Helen Weiss, called ‘PR maven,’ ‘Face’ of Famous-Barr

BY ROBERT A. COHN, EDITOR-IN-CHIEF EMERITUS

Helen Weiss, described by the St. Louis Post-Dispatch as the longtime “Face” of Famous-Barr, and as the “PR Maven Extraordinaire,” by her son and daughter Dick and Jean Weiss, died Tuesday, Sept. 9, 2008, at her home in Clayton from complications from colon cancer.

She was 83 years of age.

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A Post-Dispatch obituary by Michael D. Sorkin, pointed out that Mrs. Weiss became a divisional corporate vice president of the old Famous-Barr department stores “at a time when men dominated the retail industry.”

Sorkin described Mrs. Weiss as “the ‘face’ of Famous-Barr and most recently of Macy’s stores in St. Louis from 1959 until her retirement last year. Her job title put her in charge of handling public relations and special events for the departrment stories. But her passion was helping people. She used her influence at Famous to persuade her bosses at the department store chain to sponsor a host of worthy causes.”

Scott H. Cohn, now of the Baker’s Footwear Group and a former buyer at Famous-Barr, one of many former Famous-Barr-May Company-Macy’s employees to have been mentored by Helen Weiss recalled, “The descriptions of Helen Weiss as an outspoken supporter of causes and her views was always evident at meetings she attended. We would be discussing an upcoming fashion show, and Helen was not shy about strongly expressing her views on who should be the MC, or in stating both her business and political views. When she came to meetings, no matter how much tension there was in the room, she could make it more interesting and fun for everyone.”

Mrs. Weiss produced the first major Fourth of July celebrations on the St. Louis Riverfront from 1964 until 1978, events which were the forerunners of the VP Fair and Fair St. Louis.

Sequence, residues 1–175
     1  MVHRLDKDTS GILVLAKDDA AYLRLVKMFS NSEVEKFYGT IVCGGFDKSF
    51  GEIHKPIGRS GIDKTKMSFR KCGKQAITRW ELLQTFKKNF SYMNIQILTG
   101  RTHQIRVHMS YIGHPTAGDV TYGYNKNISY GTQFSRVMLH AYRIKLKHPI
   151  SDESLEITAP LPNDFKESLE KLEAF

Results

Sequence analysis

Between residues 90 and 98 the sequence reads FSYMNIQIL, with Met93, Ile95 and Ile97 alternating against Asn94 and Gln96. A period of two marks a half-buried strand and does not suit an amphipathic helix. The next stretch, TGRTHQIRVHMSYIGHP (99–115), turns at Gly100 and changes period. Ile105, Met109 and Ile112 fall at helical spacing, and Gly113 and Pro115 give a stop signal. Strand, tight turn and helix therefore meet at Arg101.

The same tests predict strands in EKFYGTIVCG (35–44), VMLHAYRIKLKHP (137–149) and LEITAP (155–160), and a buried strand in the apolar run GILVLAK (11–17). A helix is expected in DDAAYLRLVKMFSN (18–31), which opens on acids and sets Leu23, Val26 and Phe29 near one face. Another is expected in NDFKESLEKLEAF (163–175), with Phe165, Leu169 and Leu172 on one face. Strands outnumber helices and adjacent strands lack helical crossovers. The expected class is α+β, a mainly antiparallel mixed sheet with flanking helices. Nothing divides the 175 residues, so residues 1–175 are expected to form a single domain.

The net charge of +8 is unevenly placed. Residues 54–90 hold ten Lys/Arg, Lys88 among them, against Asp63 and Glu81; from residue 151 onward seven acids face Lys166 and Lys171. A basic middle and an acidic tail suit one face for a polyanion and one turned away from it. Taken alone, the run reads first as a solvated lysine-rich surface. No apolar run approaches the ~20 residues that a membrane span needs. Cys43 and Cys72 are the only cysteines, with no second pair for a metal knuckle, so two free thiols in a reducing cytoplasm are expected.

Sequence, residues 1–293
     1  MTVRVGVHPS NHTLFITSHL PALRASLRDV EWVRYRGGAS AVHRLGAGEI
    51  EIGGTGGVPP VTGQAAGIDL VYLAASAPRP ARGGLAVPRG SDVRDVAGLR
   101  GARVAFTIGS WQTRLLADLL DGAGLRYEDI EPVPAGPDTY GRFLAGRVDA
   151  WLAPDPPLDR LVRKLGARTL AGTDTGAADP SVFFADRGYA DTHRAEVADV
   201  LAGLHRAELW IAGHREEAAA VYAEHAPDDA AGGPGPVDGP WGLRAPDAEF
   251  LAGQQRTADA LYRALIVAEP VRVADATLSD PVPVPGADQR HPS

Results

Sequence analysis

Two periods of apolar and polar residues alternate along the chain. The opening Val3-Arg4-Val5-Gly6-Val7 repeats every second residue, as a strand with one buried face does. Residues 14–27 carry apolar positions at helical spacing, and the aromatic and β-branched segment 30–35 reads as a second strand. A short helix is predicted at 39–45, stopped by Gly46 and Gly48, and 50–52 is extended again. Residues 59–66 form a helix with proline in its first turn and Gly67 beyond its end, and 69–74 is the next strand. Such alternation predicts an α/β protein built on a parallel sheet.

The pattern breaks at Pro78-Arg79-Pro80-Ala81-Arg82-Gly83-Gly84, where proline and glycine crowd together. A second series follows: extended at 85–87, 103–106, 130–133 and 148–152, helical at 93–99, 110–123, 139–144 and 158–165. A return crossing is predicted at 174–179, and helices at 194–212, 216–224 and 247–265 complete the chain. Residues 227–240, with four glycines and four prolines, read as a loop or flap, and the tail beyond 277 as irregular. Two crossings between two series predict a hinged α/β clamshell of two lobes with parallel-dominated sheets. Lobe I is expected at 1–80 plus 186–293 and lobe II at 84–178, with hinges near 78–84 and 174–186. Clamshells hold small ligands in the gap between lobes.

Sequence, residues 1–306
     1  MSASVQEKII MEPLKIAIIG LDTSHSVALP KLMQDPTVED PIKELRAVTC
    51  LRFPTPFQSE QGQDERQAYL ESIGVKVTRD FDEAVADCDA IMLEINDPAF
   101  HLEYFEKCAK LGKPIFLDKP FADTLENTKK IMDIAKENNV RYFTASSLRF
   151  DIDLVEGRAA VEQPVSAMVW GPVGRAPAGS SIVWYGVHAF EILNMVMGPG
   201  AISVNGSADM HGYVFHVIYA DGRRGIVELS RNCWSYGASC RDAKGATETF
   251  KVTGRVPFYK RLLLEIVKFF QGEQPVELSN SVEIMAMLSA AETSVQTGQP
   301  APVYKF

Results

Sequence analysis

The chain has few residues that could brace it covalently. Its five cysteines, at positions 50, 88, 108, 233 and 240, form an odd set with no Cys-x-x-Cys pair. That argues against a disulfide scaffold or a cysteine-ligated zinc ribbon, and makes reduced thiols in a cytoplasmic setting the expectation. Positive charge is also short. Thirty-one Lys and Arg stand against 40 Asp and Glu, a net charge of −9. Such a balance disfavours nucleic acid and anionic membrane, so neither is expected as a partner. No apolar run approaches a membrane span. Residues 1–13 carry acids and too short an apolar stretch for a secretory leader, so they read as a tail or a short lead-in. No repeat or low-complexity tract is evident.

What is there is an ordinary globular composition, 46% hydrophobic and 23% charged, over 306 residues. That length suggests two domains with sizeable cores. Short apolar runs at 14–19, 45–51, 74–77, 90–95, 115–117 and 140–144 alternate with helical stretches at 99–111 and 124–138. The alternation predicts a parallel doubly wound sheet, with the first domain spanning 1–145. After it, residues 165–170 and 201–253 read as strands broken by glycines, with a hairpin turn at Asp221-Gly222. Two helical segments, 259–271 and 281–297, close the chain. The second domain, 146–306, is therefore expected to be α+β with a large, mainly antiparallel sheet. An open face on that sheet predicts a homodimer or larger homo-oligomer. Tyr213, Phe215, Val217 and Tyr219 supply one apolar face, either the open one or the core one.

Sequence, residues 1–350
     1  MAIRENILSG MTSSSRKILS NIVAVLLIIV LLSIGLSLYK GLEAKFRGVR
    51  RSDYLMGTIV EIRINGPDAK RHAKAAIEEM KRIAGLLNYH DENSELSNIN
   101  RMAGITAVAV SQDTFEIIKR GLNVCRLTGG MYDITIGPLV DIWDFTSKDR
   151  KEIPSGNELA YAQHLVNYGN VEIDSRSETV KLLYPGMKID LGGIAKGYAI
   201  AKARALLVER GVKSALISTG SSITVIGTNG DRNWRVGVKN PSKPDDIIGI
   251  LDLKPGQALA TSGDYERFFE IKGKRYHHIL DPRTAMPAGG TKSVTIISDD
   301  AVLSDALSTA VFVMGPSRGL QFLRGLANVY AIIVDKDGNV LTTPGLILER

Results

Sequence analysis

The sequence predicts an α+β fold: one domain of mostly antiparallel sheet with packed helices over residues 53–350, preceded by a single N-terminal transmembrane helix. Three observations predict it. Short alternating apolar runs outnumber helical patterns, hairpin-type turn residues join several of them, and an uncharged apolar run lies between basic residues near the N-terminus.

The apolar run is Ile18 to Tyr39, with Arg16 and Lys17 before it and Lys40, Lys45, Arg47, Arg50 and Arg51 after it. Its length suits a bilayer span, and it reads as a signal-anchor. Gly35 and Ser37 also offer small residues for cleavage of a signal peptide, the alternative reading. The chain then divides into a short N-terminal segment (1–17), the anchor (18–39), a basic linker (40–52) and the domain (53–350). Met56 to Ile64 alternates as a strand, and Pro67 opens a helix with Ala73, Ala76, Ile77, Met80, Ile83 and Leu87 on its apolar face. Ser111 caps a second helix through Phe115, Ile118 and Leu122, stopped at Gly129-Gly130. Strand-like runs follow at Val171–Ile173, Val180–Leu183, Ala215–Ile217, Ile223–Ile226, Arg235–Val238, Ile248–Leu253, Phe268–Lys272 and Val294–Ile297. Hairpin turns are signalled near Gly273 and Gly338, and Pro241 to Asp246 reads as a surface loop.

She was the prime mover behind the Annual St. Louis Book Fair, one of the nation’s largest and oldest charity book sales. The event is a major source of funding for the Nursery Foundation of St. Louis, the first interracial day nursery and child care center in Missouri. The Nursery Foundation included many members of the Jewish community among its founders, and the original location for the Book Fair was at the old Temple Israel building on Kinghshighway in St. Louis. The Fair later moved to various Famous-Barr and later Macy’s locations, and is now held in the West County Shopping Center each spring, with Macy’s continuing as a sponsor.

Sorkin pointed out that “Mrs. Weiss cared passionately about her causes, and colleagues say she fearlessly lobbied senior management. ‘She would just go down the hall and into their offices to make it happen,’ recalled Debbie Podgorski, who worked with Mrs. Weiss for 32 years.”

It was Mrs. Weiss who lobbied to make facilities accessible for people with disabilities long before the Americans With Disabilities Act made it a federal requirement.

She also urged the stores, back in the 1970s, to employ both black and white Santas for the downtown store. She also urged management to keep the downtown store open to support the revitalization of downtown St. Louis.